A migraine is a headache of varying intensity, often accompanied by nausea and sensitivity to light and sound. Migraine headaches are sometimes preceded by warning symptoms. Triggers include hormonal changes, certain foods and drinks, stress, and exercise.
There are a variety of other kinds of headaches, from common tension headache to cluster headache (often called suicide headaches due to how painful and long-lasting they can be).
How does Neurofeedback therapy help?
The QEEG can target where in the brain the headache is initiated. The QEEG can also help us localize the source if it is the neck or the spinal alignment.
From that assessment, a training protocol can be created to help the client’s brain learn to let go of the painful pattern.
For acute headache, tDCS can stop the pain in as little as 20 minutes of treatment.
Meet Mary Lou
Mary Lou had suffered from Migraine headaches for years. Often, she would get two to three of these debilitating events in a week. The QEEG revealed that she had seizure-like brain waves in her left temporal lobe. Her migraines were a seizure-like event that was triggered in the theta frequency of brain waves.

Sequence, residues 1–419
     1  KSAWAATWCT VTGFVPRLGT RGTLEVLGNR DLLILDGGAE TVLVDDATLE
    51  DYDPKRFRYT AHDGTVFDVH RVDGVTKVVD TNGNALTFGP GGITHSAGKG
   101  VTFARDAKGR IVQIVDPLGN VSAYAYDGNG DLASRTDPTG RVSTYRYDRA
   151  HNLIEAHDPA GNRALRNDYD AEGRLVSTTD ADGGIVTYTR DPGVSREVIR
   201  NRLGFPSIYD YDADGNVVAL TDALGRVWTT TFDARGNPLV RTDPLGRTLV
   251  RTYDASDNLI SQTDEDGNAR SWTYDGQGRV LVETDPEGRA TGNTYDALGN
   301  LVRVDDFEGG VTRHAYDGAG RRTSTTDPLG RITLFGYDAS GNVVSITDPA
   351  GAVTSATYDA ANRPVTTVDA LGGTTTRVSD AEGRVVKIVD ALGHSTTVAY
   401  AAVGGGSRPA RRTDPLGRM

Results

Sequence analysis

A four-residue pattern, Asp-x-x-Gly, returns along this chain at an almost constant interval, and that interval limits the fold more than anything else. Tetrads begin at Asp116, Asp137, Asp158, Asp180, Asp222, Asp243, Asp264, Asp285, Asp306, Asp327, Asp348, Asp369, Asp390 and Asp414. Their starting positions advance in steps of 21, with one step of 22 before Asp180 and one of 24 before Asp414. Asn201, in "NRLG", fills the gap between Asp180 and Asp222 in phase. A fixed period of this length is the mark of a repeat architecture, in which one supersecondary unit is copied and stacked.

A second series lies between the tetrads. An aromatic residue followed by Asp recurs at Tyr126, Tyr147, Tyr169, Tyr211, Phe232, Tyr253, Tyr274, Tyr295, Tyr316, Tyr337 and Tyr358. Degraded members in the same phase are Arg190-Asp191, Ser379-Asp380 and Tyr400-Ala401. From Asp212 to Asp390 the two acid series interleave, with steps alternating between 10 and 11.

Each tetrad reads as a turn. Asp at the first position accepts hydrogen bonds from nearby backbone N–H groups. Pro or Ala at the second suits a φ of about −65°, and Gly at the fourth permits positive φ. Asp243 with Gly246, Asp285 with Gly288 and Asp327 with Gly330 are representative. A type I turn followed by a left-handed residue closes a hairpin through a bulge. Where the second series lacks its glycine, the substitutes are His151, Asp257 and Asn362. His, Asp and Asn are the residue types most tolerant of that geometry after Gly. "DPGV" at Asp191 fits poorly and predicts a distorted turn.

We stabilized the temporal lobes with entrainment of the sensorimotor rhythm. We used Neurofeedback to help her brain learn to make more of this stabilizing frequency. Additionally, we used Neurofeedback to teach her to reduce the number of theta waves. If she had an acute headache, we were able to use the tDCS and knock out the pain in about 30 minutes. After 25 sessions, she rarely had a headache and was consistently more grounded in her life.
Greg was sitting in our waiting room while his son was being treated for ADD. He looked white-faced and grim. I asked if he was OK and he said he was on the third day of a pounding headache. We used the tDCS with him for 25 minutes and he left our office pain free. We heard from him the next week that the headache had not come back.